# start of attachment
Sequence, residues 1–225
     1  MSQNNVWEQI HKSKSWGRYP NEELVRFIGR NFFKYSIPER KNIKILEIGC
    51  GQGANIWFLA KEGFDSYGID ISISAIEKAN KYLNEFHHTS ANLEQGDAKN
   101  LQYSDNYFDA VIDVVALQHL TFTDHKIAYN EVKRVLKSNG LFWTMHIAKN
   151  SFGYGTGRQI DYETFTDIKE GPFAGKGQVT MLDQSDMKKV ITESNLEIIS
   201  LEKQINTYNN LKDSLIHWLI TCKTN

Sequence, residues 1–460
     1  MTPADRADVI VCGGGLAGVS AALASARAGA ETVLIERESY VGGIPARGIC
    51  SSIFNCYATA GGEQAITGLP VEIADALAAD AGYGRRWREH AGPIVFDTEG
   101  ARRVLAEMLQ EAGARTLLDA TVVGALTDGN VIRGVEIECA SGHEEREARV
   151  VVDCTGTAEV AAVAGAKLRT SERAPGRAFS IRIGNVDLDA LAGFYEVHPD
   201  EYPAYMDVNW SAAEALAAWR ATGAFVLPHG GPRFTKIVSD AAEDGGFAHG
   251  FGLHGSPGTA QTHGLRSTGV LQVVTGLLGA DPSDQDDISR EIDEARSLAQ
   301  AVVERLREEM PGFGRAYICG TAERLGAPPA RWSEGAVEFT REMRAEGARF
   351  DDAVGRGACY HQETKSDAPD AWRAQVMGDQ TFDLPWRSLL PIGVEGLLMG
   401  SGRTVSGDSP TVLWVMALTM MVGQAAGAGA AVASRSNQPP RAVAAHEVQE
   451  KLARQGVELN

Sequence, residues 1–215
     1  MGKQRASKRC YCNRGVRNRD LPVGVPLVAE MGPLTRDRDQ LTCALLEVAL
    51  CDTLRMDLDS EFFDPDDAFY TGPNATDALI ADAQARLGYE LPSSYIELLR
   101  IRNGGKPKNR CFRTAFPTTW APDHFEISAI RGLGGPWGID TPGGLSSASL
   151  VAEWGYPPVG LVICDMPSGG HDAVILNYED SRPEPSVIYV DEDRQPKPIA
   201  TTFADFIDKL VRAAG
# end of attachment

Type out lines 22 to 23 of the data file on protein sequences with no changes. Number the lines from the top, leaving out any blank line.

   151  VAEWGYPPVG LVICDMPSGG HDAVILNYED SRPEPSVIYV DEDRQPKPIA
   201  TTFADFIDKL VRAAG